New Delhi/Luxembourg, Nov. 30 (Agencies): ArcelorMittal, the world’s largest steel maker, and Japan’s Nippon Steel & Sumitomo Metal Corporation will jointly acquire ThyssenKrupp AG’s US steel mill for $1.55 billion.
The acquirers have formed a joint venture and will finance the deal through equity and debt, ArcelorMittal said in a statement. The plant at Calvert, Alabama, has a capacity of 5.3 million tonnes per annum.
“This is an important strategic acquisition for us. The Calvert plant is the most modern finishing facility in the world. It ideally complements our existing operations in the US and the Americas,” ArcelorMittal chairman and CEO Lakshmi Mittal said in the statement.
The transaction is expected to deliver $60 million of annual synergies and includes a six-year agreement to purchase 2 million tonnes of slab annually from ThyssenKrupp’s Brazilian unit, using a market-based price formula.
The Brazil unit of Germany’s largest steel maker has an option to extend the pact by three years at more favourable terms to the yet-to-be-named joint venture.
ArcelorMittal will be responsible for marketing products on behalf of the joint venture.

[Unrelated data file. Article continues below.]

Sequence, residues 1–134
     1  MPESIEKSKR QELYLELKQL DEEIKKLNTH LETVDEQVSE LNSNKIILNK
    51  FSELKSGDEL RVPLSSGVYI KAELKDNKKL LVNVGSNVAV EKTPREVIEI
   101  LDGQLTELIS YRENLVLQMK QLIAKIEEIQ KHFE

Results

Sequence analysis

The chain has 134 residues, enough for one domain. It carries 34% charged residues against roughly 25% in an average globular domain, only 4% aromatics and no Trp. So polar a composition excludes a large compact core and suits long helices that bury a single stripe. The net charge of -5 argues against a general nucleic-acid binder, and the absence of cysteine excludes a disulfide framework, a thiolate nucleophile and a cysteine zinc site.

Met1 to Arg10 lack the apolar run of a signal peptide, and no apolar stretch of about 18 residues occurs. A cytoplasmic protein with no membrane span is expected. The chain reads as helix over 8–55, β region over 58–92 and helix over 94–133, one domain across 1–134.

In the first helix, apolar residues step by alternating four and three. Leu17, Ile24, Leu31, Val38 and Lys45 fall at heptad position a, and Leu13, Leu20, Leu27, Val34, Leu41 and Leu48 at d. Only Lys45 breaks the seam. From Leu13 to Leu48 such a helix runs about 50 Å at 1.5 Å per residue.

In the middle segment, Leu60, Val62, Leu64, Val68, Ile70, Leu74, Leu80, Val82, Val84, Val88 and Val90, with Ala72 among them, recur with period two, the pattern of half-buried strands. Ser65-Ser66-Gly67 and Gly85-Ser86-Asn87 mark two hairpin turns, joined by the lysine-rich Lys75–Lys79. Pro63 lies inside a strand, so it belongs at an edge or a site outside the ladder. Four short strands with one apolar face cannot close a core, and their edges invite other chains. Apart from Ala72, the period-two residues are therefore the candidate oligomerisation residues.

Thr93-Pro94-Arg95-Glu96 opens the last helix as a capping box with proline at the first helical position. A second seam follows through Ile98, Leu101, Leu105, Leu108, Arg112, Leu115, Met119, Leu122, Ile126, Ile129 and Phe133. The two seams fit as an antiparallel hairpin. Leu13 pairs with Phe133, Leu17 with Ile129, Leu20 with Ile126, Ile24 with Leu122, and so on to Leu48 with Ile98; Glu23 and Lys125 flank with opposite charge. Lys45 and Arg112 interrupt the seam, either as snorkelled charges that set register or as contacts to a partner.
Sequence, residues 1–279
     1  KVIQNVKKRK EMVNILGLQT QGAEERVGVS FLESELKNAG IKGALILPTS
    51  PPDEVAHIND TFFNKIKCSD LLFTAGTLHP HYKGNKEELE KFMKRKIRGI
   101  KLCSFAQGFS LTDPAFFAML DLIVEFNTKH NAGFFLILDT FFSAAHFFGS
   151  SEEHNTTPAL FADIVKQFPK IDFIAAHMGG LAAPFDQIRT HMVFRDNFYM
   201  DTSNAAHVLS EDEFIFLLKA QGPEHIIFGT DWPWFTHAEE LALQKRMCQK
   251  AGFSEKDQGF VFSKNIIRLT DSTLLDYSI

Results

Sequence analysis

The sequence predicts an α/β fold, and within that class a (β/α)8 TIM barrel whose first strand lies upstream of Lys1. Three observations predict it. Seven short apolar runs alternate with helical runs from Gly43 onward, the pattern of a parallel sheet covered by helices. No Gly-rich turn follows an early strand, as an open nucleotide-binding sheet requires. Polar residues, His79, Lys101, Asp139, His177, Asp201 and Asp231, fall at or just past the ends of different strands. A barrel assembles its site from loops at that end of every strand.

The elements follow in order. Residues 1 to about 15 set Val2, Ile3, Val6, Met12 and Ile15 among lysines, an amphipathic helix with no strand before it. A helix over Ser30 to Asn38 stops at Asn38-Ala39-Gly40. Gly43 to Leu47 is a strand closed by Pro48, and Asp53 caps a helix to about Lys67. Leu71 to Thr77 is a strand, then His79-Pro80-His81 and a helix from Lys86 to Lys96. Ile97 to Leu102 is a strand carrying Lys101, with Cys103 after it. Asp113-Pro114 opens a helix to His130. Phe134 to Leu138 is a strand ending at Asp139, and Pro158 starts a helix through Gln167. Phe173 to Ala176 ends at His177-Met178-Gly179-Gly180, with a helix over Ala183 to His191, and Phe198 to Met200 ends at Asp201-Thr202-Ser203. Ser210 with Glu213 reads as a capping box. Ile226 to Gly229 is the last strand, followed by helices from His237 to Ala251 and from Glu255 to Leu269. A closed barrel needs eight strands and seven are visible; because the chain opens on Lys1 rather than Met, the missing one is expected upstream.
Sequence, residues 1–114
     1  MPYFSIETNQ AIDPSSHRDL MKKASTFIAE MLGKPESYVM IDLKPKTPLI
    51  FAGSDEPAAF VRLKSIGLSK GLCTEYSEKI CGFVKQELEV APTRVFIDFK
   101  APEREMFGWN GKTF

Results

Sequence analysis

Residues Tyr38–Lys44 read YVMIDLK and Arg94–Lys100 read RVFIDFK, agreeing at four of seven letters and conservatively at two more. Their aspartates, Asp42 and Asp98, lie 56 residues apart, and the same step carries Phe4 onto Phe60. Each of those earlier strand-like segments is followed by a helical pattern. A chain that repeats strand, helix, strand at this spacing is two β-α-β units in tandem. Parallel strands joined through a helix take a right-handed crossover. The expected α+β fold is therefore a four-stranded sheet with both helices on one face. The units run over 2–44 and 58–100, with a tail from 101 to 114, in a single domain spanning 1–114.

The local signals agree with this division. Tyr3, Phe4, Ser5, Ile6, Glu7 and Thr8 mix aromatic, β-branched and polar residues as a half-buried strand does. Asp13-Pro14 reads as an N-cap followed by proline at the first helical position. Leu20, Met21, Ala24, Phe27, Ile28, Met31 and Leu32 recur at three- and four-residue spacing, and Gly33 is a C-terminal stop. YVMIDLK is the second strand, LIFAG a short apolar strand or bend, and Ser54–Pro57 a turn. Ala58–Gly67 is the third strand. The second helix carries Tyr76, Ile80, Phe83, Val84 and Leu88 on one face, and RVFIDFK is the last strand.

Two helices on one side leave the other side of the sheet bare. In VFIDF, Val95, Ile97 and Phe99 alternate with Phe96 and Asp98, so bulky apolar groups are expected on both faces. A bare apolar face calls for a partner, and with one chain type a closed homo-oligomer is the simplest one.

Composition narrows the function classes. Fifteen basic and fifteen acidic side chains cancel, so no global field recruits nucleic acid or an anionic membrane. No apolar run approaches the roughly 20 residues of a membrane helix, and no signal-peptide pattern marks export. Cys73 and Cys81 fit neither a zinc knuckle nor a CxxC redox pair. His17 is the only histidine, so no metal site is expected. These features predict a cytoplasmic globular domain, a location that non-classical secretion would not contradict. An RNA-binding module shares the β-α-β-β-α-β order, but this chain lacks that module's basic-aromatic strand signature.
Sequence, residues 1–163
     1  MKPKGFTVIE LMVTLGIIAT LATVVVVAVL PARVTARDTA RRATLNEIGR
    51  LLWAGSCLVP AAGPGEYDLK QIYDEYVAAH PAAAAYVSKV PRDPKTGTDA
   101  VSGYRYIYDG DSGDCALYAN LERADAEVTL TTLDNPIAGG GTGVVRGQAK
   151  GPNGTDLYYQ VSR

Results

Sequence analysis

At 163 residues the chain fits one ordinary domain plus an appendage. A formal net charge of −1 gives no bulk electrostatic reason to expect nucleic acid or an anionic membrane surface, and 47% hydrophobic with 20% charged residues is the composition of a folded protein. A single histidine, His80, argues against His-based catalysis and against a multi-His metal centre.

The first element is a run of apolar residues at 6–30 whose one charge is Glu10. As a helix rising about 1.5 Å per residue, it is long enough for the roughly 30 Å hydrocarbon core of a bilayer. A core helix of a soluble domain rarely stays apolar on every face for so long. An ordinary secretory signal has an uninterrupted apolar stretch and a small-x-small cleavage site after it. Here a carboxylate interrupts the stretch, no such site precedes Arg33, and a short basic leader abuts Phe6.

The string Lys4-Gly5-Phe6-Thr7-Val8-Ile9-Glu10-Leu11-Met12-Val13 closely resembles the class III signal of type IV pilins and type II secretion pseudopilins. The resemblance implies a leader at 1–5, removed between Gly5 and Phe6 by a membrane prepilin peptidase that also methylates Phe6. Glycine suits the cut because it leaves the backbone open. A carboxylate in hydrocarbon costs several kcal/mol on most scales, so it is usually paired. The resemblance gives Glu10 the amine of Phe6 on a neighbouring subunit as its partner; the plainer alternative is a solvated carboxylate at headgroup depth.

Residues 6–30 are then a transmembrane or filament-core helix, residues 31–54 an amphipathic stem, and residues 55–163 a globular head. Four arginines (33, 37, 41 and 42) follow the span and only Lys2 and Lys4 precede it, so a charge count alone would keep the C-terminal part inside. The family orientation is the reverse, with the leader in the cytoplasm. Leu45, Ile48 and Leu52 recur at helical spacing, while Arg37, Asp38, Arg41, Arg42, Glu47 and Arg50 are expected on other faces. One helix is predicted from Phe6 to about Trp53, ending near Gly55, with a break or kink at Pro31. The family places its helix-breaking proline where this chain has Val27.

“The automotive market is an identified franchise business for ArcelorMittal and the Calvert facility will complement ArcelorMittal’s existing auto business in the US,” the company said.
“This acquisition will also strengthen ArcelorMittal’s position in supplying the Nafta (North American Free Trade Agreement) energy industry, which is expected to demonstrate growing demand for energy pipe and tube products because of increases in oil and natural gas exploration and production,” the statement added.
The transaction is subject to regulatory approvals in certain markets.
ThyssenKrupp has been trying for more than a year and a half to find a buyer for its American unit, which has drained billions from the company for the past few years and been an obstacle to raising fresh funds.
The deal is expected to give a major boost to ThyssenKrupp chief executive Heinrich Hiesinger. He has been trying to shift ThyssenKrupp away from the volatile steel business into higher-margin products and services such as elevators, submarines and factory components.